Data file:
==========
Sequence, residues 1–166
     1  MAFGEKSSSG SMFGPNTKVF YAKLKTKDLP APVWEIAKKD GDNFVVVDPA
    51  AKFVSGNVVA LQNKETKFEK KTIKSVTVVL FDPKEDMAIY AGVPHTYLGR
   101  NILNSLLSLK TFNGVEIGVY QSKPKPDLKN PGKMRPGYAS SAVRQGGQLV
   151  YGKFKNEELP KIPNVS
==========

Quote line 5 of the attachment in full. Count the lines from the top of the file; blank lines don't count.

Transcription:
   151  YGKFKNEELP KIPNVS